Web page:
Sand: Amphitheater by Misael Soto | Art Loft 710 Segment

Sand: Amphitheater by Misael Soto | Art Loft 710 Segment


The conversations we had initially, between
myself, ArtCenter, and Miami Beach, were very simple. I was tasked with engaging with the city of
Miami Beach to better understand how they’re tackling sea level rise and process that into
my work in order to create public programs of some kind. I was given a bit of free reign in regards
to how that would be presented. Sand is the foundation for Miami Beach. And sand has this metaphor, for a artwork,
was too easy to let go. This is kind of a fun, new project for ArtCenter. We’ve invited an artist, at the beginning
of his career, to come to Miami Beach, spend a full year with us, and dig in on the issue
of climate change. One of the really cool things about this opportunity
is we’ve been able to get Misael Soto embedded in city government. He shows up there regularly. He attends meetings. He’s in the decision making movements when
we talk about sea level rise and climate change in our community. Misael has been here for a number of months
now, he’s out there working with everyday with people. Then, of course, the sand project is his way
of really bringing all that together. It uses approximately 176 cubic yards of sand. Once I settled on sand, I needed a container,
and so sand bags was the obvious choice. Sand bags being this temporary object that
we rely on during emergencies and knowing that the city had many of them available to
hand out to residents and business owners when there is flooding. We’re very excited because it’s a new way
to engage the community around climate change, environmental issues, be a new voice for how
we’re communicating everything the city is doing, as well as giving a fresh perspective
on the challenges that we have, as well as what the solutions look like. It’s great to have somebody in the room with
a creative background that’s really outside of the normal, Government everyday operations. At the time, I was reading a lot about basic
spaces that provided an opportunity for everyone to kind of state how they were feeling about
something. Or, have a dialogue about something. That led me to this kind of Greek, and then
Roman, structure of an amphitheater, or a theater, or an arena. Those being spaces where this would happen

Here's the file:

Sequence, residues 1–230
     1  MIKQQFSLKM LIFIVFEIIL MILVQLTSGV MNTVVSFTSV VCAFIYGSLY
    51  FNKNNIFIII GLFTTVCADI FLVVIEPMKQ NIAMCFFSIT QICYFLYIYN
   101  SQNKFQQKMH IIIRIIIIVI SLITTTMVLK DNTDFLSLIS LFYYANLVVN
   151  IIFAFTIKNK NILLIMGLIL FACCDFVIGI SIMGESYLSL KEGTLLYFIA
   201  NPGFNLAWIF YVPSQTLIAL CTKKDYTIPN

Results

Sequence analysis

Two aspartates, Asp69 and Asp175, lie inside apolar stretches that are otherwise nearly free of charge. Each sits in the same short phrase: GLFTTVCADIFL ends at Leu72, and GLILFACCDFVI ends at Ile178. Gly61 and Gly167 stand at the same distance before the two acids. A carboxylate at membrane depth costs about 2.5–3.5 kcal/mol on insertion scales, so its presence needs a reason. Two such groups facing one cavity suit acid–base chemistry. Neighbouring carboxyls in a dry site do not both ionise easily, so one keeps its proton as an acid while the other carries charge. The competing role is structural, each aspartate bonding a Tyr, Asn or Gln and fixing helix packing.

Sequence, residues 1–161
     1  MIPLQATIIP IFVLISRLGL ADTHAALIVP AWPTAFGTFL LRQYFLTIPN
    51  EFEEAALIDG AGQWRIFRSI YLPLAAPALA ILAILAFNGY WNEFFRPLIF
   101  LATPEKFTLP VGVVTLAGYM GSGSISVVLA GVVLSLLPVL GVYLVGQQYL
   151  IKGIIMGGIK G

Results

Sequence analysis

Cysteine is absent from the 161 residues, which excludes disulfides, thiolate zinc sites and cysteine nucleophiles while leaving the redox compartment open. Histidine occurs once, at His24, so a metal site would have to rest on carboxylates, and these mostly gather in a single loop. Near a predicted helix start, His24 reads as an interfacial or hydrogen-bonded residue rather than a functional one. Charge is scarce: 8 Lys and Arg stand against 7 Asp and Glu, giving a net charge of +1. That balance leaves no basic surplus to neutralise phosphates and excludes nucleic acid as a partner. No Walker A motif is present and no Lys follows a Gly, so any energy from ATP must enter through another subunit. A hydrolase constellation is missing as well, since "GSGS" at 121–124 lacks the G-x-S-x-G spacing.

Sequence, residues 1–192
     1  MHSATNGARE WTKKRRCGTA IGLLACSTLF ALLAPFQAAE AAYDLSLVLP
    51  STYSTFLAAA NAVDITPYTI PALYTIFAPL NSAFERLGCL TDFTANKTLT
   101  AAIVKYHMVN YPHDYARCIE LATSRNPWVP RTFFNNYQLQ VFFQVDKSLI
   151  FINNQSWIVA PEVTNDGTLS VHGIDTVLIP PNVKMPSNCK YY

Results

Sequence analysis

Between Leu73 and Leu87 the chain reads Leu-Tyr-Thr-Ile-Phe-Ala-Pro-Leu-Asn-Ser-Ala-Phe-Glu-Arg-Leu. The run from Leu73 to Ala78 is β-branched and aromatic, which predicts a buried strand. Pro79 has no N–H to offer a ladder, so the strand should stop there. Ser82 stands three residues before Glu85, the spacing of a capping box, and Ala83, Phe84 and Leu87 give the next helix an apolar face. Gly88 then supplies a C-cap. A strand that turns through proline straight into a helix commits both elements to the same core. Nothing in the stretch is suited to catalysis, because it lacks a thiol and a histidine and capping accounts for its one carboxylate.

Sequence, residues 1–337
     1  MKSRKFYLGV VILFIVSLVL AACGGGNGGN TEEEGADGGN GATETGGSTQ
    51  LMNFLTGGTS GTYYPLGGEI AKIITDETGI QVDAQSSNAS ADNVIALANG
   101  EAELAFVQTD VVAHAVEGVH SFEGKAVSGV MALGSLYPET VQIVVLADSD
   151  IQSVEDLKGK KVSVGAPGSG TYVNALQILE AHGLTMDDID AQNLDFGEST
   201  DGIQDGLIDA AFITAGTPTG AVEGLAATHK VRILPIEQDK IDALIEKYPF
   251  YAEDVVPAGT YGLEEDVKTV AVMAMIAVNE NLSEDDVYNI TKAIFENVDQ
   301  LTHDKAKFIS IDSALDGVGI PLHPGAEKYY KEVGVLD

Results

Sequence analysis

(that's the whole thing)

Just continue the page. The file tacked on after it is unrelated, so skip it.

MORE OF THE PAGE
back then. The surprise that I went though in the first
week was just how hard the work was. The sheer labor of it. The bags weigh upwards of 50, 60 pounds. You’re dropping down and picking each one
individually. Your fingers, your hands are constantly stretched. After the first week, I’d wake up, and I wouldn’t
be able to close my hands in the morning. They’d just kind of be swollen open. It was a lot of work. I underestimated that for myself and then
I underestimated that for the volunteering. Whoever showed up, you soon realize that you
have to surrender to labor. It was hard. You got tired. But you realized it was gonna take the weeks
that Miseal scheduled into this project. I don’t know how I got up everyday. I had a responsibility that I had been given
from ArtCenter and the city to do this work. Somehow creating a public forum, or a public
form of engagement for the community. We’ve been building this in public, and as
it’s been built we’ve been using the structure as an amphitheater, and then a theater, and
then an arena, to sit on and to host lectures, performances, discussions, all around the
topic of sand. From our tribe, from our community, we appreciate
what you’re doing here. We appreciate the fact that you’re acknowledging
an indigenous people into your ceremonies and events and allowing us to speak and be
part of what’s happening. This country has to learn to be a community
before we move forward. I’ve been asked to talk about, sort of a historical
overview of the beach, it’s such a fascinating story. A lot of you all are familiar with bits and
pieces, and maybe even more than that of the story, but I’m glad to share it with you. Especially in this setting here, I just think
it’s so unique. We were the house band, so we were there for
every single iteration. We’d perform a couple live songs and then
we’d do, sort of, mood music. And I ended up changing the lyrics to certain
songs to make them about sand. And then I was playing with the sand and having
these sort of poetic, unexpected moments. Part of it that has surprised me the most
is the exchange it has created in our community. We’re a community of a lot of tourists, but
also, we have 85,000 people on Miami Beach. It’s really begun to create some dialog. I think that’s important for the issues that
we’re facing. I wouldn’t go back and change a single thing. To me, the structure was exactly as large
as it needed to be. It was in direct correlation to how much work,
how much hours myself and those who wanted to help could help and were willing to help. The amount of time that it’s been finished,
which has been three days, to the amount of it took us to get to it being finished, which
has been an entire month. And that said, oh the piece is actually building
it, and it’s not the final structure. It’s a little sad. I’m sad, but in a good way. All right, here we go. It definitely came out of, what I see as a
necessity to create space for discourse. All of these bags will be emptied and the
sand will go back at North Shore Park in North Beach.

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